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ROBERT C. MACDORMAND v. FRED V. AUCHENPAUGH (04/29/68)
April 29, 1968
ROBERT C. MACDORMAND, RESPONDENT,
FRED V. AUCHENPAUGH, APPELLANT
Gibson, P. J., Herlihy, Reynolds, Staley, Jr., and Gabrielli, JJ., concur in memorandum decision by Reynolds, J.
Appeal from a judgment of the County Court, Schenectady County, entered on a jury verdict for respondent in the amount of $8,500. At about 11:30 p.m. on Friday, September 24, 1965, respondent was allegedly injured when he was struck by appellant's car as he was attempting to enter his own car from the driver's side. Appellant seeks a reversal of the judgment and order herein, on the ground of error and prejudicial conduct of respondent's counsel at the trial. It is also asserted that the verdict is grossly excessive. While there is some testimony in the record as to slight permanency, it is clear that the impact itself was minimal and no immediately evident personal injury perceptible or claimed. Respondent missed only one day from work. In our opinion the jury's assessment of damages was unduly influenced by the trial conduct of respondent's attorney. The manner in which he pursued his cross-examination of appellant, his wife and a passenger and his persistent emphasis of the existence of clearly unavailable prelitigation statements made by them (CPLR 3101, subd. [d]; e.g. Cohen v. Hardy, 23 A.D.2d 793; Kandel v. Tocher, 22 A.D.2d 513), which could have had only the calculated purpose of creating prejudice and suggesting the existence of liability insurance and even impropriety on the part of the defense, clearly must have influenced the jury. Similarly, his statement in summation which in effect requested the jury to punish appellant (whom respondent had attempted to prove was drunk) by the amount of its verdict, was highly prejudicial. The apology of respondent's attorney upon objection did not remove the prejudicial effect. The trial court admittedly recognized appellant's objection to this statement but did not follow through in his charge to negate specifically the possibility of awarding punitive damages. His statement in his charge that damages were to be in an amount to "compensate" respondent for his injury did not fairly and adequately achieve this. The best procedure, of course, would have been for the Trial Judge to immediately have instructed the jury that punitive damages could not be considered in this case. Accordingly, a new trial as to the issue of damages must be directed unless respondent will agree to accept the sum of $5,000.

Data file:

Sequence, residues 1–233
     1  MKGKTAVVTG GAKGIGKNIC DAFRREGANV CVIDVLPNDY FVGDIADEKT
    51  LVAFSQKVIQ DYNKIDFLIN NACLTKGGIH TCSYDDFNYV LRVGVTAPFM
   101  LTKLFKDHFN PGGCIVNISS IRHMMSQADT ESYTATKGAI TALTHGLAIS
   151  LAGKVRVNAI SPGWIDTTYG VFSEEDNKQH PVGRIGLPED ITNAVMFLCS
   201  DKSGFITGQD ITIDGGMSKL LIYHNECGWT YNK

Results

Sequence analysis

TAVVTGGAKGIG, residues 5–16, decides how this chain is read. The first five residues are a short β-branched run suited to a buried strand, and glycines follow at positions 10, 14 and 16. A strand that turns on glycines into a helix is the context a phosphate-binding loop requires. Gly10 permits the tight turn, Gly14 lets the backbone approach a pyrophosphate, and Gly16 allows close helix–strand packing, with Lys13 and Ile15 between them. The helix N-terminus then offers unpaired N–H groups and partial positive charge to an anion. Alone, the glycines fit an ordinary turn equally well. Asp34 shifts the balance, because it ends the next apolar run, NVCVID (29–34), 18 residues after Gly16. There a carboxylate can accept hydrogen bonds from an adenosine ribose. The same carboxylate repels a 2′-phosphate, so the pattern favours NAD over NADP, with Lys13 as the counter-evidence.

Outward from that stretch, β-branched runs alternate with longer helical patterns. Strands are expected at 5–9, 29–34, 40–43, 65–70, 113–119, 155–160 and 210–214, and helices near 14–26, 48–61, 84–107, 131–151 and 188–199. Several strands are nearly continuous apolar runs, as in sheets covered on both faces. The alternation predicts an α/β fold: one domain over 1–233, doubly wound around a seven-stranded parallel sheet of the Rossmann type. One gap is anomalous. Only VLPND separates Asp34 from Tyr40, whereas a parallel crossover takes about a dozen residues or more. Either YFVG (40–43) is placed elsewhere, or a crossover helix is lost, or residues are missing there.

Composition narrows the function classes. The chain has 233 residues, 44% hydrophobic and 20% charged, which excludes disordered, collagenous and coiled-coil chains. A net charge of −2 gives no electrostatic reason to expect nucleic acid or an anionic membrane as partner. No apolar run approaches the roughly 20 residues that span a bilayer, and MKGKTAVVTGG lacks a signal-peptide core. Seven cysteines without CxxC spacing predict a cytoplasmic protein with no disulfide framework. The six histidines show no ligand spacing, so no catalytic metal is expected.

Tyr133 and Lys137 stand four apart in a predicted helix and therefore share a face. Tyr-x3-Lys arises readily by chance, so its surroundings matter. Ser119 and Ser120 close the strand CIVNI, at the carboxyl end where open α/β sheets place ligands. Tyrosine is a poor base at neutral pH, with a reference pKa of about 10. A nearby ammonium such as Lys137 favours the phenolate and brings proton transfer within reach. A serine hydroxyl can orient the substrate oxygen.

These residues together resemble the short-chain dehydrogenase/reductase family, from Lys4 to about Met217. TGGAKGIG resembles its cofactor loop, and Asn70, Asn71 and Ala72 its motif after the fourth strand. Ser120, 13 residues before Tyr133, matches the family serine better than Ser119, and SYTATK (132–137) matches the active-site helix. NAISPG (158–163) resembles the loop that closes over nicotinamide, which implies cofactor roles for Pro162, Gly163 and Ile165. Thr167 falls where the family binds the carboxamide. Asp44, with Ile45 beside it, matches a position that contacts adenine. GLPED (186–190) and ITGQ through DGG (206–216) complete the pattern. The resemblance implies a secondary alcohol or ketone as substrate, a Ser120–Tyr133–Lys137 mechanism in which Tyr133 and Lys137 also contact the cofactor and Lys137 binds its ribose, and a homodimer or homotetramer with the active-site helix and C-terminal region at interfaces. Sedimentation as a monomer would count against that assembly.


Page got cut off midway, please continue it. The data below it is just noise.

Judgment reversed, on the law and the facts, and a new trial limited to the issue of damages ordered, with costs, unless respondent within 20 days after service of the order to be entered hereon shall stipulate to decrease the verdict to the sum of $5,000, in which event the judgment, as so modified, is affirmed, without costs.
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